Pinal Peak and Picacho Peak Trip Report
Pinal Peak (7,848 ft) and Picacho Peak (3,370 ft)
Dates: November 9-10, 2003
Part of a larger trip that involved guiding Edward Earl and Ken Jones
to the summit of "Forbidden Peak".
The following day we attempted Big Hatchet Peak but were thwarted on the approach road
by multiple gullies that transected the dirt road. An appropriately high-clearance
vehicle such as my Tacoma would have made it.
We caravaned in our rentals back to Arizona and, out of Globe, took the fourteen mile road
up Pinal Peak - number eleven on the Arizona Fifty Finest list of prominent mountains.
At an estimated one thousand vertical feet below the summit,
Ken dropped off Edward and myself for earlization purposes, and drove onwards.
Several minutes passed by when Ken returned with news that the summit was off-limits
owing to fire restrictions. We decided to continue our hiking anyways to observe for ourselves.
Just prior to reaching the locked gate and warning signs, about one mile
before the summit, a green Forest Service truck arrived and removed the sign.
We were in! Had we come just twenty minutes earlier all would have been different.
We continued as a threesome to the summit on foot. Great views. The highest natural point is atop
a ten foot boulder behind one of the several summit electronics buildings.
After Ken and Edward departed for Tucson, I took a $22 / night motel, Willows, in Globe.
The following day, Monday the tenth, I toured Biosphere II and found it interesting but not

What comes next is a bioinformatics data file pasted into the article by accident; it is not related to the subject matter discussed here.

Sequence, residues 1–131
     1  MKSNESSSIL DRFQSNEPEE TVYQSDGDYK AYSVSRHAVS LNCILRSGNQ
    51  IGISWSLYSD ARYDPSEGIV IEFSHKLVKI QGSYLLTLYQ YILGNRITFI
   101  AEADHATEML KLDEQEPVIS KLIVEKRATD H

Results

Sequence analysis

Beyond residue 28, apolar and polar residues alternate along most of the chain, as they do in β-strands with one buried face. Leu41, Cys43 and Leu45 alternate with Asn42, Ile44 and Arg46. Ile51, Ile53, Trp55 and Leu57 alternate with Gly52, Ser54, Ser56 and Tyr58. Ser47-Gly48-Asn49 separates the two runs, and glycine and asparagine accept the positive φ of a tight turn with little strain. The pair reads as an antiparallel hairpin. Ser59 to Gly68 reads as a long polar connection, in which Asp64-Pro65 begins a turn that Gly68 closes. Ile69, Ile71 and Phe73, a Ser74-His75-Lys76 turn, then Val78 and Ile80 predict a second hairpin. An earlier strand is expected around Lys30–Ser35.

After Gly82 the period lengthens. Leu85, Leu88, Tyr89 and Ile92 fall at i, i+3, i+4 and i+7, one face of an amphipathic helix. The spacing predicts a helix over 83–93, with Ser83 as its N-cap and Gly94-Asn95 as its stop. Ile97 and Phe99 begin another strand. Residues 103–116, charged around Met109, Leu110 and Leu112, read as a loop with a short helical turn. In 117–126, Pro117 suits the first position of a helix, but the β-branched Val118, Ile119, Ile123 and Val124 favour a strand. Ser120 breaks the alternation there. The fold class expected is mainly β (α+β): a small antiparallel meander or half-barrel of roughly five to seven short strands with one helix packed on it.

particularly fun or enjoyable.
I decided to drive quickly west to I-10, taking exit 219 for the Picacho Peak State Park.
After purchasing a six dollar entry pass, I began my ascent of Picacho Peak at 1:27 p.m.
despite the recommendation that four hours should be allowed - which would take me past sunset.
I passed over the saddle after just 21 minutes and, after a two minute pause,
downclimbed using the cables provided to the other, western side prior to reascending
to the summit after a total of 50 minutes from my auto.
The net gain is about 1,400 feet while the total gain is about 2,000 feet owing to the
downhill portion encountered after gaining the main saddle.
Views of Interstate 10 and of the desert floor were appealing. Newman Peak, a thousand feet
higher still, lay to the northeast.
I left the summit after just a minute owing to approaching storm clouds in the west -
I wanted to be off the rocks and onto the trail before rain made them slick and dangerous
to climb upon - even with the cables for good hand grip.
I took a deserved break once back at the saddle, ate some snack food and was back at my rental
in 1 hour 50 minutes elapsed time from having left it. I was pleased with my time.
I slept at the Park for an additional six dollars. It rained after sundown but soon cleared.
My flight home from Phoenix was uneventful the next morning.